Earth's surface undergoes continuous modification through uplift and denudation over timescales too long to observe directly; hence landscape evolution models (LEMs) are crucial tools for building knowledge. Note that we use the term “denudation” to denote the mass loss leading to the lowering of Earth's surface. LEMs are often employed over expansive scales of space and time in order to study topographic response to changes in tectonics (e.g. Kooi and Beaumont, 1996; GarciaCastellanos et al., 2003), climate (e.g. Temme et al., 2009, Adams et al., 2020), and sea level (e.g. Pico et al., 2019; Ruetenik et al., 2019). And yet, large spatial and temporal scales require generalisation of model parameters that reliably accounts for processes of hillslope diffusion and advective fluvial erosion. Using LEMs to estimate denudation rates delivers the key advantage of bridging scales and defining an empirically derived mechanism at the local (grid cell) scale. This demands that denudation rates are integrated over scales matching the topographic changes they describe. At the local to regional scale, recent studies have focused on constraining LEM parameters via inversions that optimise rates of denudation, deposition, and topographic observations (e.g. Miller et al., 2013; Croissant and Braun, 2014; Pedersen et al., 2018; Barnhart et al., 2020). However, implementing many of these approaches at a global scale is challenging in terms of computational cost and because it often requires a compilation of a large set of observables (such as knickpoints, depositional patterns, and denudation rates). In the absence of computational power that can accurately simulate stratigraphy at the global scale, and without constraints on global palaeotopography, we settle for optimising LEM parameters with respect to catchmentaveraged denudation rates estimated with cosmogenic ^{10}Be. While LEM parameters can be estimated via direct topographic analysis (e.g. Wobus et al., 2006; Clubb et al., 2014; Mudd et al., 2018), this approach can lead to bias, as we discuss below.
Here, we determine LEM parameter values that minimise the variance among ^{10}Bederived apparent denudation rates in the OCTOPUS v.2 global catalogue (Codilean et al., 2022), and we analyse the capacity of LEMs to predict the denudation rate given those optimised parameters. Our LEM employs the common streampowerplusdiffusion formulation, which is subject to important limitations, such as the neglect of fluvial deposition and mass wasting processes (e.g. Whipple and Tucker, 1999). The tradeoffs involved in this simplified approach, we believe, are justified by the record of success with simulating landscape processes at large scales and across a wide range of lithologies, drainage areas, and steepnesses (e.g. Gallen et al., 2013; Miller et al., 2013; Fox et al., 2014).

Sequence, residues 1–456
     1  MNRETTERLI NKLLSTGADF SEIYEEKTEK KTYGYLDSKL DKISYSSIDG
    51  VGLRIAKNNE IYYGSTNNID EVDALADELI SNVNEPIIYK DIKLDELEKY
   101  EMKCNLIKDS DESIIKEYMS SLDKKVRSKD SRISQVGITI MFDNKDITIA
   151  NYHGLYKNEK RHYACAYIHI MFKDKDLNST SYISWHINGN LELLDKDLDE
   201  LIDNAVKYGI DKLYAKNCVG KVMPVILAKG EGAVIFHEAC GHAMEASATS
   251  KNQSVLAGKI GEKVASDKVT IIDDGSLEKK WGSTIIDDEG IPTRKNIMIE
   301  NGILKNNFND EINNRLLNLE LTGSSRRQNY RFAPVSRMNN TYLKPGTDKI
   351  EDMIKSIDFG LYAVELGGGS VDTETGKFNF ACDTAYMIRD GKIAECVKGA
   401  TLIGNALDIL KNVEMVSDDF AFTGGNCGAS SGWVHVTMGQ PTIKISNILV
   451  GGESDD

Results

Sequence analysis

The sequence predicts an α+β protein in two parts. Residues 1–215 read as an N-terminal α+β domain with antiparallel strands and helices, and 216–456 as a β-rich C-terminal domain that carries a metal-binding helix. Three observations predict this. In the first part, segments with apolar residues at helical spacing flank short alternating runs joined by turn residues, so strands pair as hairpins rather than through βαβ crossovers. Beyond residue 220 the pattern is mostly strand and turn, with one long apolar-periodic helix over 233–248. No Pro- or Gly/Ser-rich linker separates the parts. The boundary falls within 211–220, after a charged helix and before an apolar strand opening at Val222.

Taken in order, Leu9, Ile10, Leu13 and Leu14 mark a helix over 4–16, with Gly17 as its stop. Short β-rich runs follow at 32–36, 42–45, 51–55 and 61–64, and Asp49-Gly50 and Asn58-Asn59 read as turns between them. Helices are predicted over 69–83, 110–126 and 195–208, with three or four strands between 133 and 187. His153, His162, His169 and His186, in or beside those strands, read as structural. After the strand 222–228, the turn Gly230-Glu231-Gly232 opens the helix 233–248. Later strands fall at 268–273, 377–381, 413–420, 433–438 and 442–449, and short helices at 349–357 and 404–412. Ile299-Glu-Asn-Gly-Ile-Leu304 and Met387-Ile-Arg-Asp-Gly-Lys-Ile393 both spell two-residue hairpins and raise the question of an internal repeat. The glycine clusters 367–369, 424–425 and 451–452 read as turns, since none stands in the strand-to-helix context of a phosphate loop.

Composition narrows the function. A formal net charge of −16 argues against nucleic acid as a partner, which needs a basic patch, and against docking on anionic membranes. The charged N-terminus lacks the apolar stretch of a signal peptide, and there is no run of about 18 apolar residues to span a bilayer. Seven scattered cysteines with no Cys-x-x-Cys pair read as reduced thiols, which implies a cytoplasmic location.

Catchmentaveraged denudation rates from cosmogenic ^{10}Be
Rates of catchmentscale denudation can be estimated by measuring the abundances of cosmogenic radionuclides, such as ^{10}Be, in quartzbearing river sand (Granger et al., 1996; Von Blanckenburg, 2005). Such nuclides accumulate within minerals exposed to secondary cosmic rays in the upper few metres of the bedrock subsurface and are lost via erosion and radioactive decay (Lal, 1991). The attenuation of cosmic rays with depth causes the nuclide production rate to decrease exponentially (at 2 m depth the ^{10}Be production rate is <5 % that at the surface); hence, nuclide abundances measured in sediment are an inverse function of denudation rate.
The spatial variations observed in denudation rates across a range of climates and lithologies (Portenga and Bierman, 2011; Starke et al., 2020) suggest that the erosional processes driving the evolution of landscapes also vary. This has important implications for the interpretation of ^{10}Bederived denudation rates and how we parameterise LEMs. Estimating catchmentaveraged denudation rates from nuclide abundances in river sand depends on a multitude of assumptions (Von Blanckenburg, 2005; Mudd, 2016). For example, we assume that sediments were produced via longterm, steady bedrock erosion distributed uniformly across the catchment and that sediments have experienced continuous exposure to cosmic rays at/near the surface. In detail, longterm steady erosion refers to at least one attenuation length (∼0.6 m) of surface lowering integrated over a 10^{3}–10^{5}year timescale. Abrupt bedrock erosion events, for instance, caused by bedrock landsliding or glacial quarrying may bias denudation rate estimates. Similarly, long intervals of ice cover or intermittent deep sediment burial contradict the requirement for continuous cosmicray exposure. Other sources of potential discord relate to lithology, catchment size, and hypsometry, which are known to affect sediment transport dynamics and grainsize yields (Carretier et al., 2015; Riebe et al., 2015; Lukens et al., 2016; Zavala et al., 2020). The sources of deviation noted above are collectively responsible for the considerable variability observed in large compilations of ^{10}Bederived denudation rates (e.g. Portenga and Bierman, 2011; Harel et al., 2016). Catchmentwide denudation rates are commonly determined and published for settings that do not strictly comply with the method's premises; these estimates are best referred to as apparent denudation rates (Mudd, 2016). Nevertheless, ^{10}Bederived data currently offer the most widely distributed insight into longterm denudation on a global scale.